The fbo benefits

When I started using openGL and making some nice effects, I started to use the typical “copy to texture” functions: glTexImage2D and glTexSubImage2D. But the technology evolves, and, hopefully, someone implemented in the OpenGL extensions the Frame Buffer Objects (fbo), wich provides us a way to render a scene to a different buffer but the frame-buffer.

Anybody should know that writing to a frame-buffer is much better than writing to a buffer by “the old way” (glTexImage2D), but… can we express this in real numbers?

I was doing some experiments with Shadow Mapping and I did what everybody does: search for tutorials! đŸ˜€ I found 2 really good tutorials: Paul’s projects tutorial, and Fabien Sanglard’s tutorial. Both tutorials are brilliant, but the first one is a little bit outdated (it does not use fbo’s or shaders), and the second one has some ugly MoirĂ© pattern effect which I was unable to make it disappear, despite it uses recent techniques (fbo’s and shaders).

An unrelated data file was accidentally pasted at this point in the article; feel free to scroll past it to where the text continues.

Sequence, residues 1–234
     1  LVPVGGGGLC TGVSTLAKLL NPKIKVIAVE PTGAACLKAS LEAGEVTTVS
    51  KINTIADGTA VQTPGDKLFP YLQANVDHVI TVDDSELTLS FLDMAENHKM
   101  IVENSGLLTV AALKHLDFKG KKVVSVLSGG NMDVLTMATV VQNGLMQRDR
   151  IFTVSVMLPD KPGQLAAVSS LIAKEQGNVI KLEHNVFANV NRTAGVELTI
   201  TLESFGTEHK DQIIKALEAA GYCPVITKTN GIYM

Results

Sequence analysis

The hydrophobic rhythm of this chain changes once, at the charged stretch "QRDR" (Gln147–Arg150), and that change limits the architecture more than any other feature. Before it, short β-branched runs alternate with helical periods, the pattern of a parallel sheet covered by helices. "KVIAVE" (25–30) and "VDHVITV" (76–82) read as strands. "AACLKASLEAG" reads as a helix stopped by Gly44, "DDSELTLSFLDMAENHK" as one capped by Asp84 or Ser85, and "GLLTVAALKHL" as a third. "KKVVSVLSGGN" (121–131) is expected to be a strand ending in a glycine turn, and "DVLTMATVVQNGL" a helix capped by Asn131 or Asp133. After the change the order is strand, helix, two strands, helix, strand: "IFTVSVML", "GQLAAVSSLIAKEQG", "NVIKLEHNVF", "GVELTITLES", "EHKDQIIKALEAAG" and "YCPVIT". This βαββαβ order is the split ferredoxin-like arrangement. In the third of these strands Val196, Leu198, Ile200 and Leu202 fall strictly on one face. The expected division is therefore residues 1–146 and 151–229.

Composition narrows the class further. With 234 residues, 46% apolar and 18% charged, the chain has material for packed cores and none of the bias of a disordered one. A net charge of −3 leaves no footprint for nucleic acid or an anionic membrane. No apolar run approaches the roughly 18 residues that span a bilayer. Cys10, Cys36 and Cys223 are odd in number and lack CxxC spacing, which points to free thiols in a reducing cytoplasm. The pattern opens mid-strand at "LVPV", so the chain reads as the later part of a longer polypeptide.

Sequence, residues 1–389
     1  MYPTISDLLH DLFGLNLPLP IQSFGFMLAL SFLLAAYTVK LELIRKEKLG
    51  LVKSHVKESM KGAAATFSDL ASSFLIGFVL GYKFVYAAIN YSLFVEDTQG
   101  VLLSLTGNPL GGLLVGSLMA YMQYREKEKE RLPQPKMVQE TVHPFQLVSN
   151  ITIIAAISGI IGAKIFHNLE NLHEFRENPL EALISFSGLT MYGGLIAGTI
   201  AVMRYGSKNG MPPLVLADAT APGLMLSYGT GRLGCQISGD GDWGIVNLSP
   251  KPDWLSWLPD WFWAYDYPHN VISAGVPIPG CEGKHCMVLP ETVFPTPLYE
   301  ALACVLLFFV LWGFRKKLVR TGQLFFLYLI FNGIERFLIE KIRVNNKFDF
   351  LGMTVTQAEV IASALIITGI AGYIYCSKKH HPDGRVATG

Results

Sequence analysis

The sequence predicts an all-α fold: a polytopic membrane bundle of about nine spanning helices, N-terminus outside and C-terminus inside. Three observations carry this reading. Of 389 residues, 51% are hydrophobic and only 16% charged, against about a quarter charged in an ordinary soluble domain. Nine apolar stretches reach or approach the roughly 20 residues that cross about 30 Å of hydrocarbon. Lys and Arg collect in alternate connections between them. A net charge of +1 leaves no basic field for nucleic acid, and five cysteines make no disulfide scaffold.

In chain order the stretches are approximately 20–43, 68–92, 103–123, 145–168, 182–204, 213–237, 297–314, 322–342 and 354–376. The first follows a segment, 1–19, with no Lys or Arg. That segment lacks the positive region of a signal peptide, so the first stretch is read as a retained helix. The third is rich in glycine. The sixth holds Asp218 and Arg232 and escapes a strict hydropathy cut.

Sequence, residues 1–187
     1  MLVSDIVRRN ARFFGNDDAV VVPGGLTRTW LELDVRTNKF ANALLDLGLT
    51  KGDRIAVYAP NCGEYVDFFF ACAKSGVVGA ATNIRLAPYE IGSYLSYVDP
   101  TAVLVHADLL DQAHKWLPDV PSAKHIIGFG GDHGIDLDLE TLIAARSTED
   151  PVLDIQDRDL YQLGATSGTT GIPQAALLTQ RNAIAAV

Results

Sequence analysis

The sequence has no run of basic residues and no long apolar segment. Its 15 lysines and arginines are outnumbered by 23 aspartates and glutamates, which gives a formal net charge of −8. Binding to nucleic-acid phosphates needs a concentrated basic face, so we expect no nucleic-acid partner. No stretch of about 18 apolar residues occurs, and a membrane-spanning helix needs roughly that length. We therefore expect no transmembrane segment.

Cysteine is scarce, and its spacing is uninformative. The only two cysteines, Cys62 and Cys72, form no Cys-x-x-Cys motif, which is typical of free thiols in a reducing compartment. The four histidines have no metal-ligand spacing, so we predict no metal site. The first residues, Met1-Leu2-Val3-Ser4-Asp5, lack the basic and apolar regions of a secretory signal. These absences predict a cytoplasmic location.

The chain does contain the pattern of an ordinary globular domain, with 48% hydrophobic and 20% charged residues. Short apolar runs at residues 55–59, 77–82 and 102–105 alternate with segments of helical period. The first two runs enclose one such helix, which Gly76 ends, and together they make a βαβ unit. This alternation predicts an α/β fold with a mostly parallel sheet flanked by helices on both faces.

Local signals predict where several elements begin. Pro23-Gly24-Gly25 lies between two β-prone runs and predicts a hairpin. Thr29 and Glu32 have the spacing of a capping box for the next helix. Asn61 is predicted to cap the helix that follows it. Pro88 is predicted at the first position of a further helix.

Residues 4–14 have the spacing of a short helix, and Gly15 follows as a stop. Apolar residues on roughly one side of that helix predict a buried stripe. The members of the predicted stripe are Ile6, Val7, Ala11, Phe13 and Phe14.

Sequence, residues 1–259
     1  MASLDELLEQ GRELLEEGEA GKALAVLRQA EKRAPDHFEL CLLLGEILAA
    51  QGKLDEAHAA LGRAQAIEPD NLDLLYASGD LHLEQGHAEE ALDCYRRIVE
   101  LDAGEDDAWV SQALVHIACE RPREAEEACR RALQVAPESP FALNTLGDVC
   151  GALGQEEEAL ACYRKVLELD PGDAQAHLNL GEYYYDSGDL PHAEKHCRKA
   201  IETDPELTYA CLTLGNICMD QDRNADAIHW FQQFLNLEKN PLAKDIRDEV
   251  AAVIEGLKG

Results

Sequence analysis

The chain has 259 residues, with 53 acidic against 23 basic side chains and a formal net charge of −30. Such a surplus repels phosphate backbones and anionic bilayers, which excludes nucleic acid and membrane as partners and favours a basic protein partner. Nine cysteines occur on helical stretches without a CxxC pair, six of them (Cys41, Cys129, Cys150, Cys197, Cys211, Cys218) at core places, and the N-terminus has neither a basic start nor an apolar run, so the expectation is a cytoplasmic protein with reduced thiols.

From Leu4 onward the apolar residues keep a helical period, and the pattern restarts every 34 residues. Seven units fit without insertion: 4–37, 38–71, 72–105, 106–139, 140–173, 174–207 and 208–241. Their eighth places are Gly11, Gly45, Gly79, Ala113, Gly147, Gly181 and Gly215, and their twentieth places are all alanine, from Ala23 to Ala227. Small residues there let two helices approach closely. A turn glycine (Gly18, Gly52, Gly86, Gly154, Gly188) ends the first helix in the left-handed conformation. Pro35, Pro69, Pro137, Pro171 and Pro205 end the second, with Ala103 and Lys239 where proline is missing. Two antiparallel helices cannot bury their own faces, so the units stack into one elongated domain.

The Moiré pattern can be appreciated in the image below (and the effect is much more spectacular in movement):

Due to that, Fabien’s tutorial was not an option for what I wanted to do, so I gave a second chance to Paul’s tutorial, but instead of using the typical glTexImage2D, I used the fbo (it took 5 minutes of my time to modify the provided example), the results: 562fps vs 630fps (both peak values)!, almost 70fps more! more than 10% of diference!

So please, next time, spend 5 minutes of your time and do not use glTexImage2D, use fbo’s!

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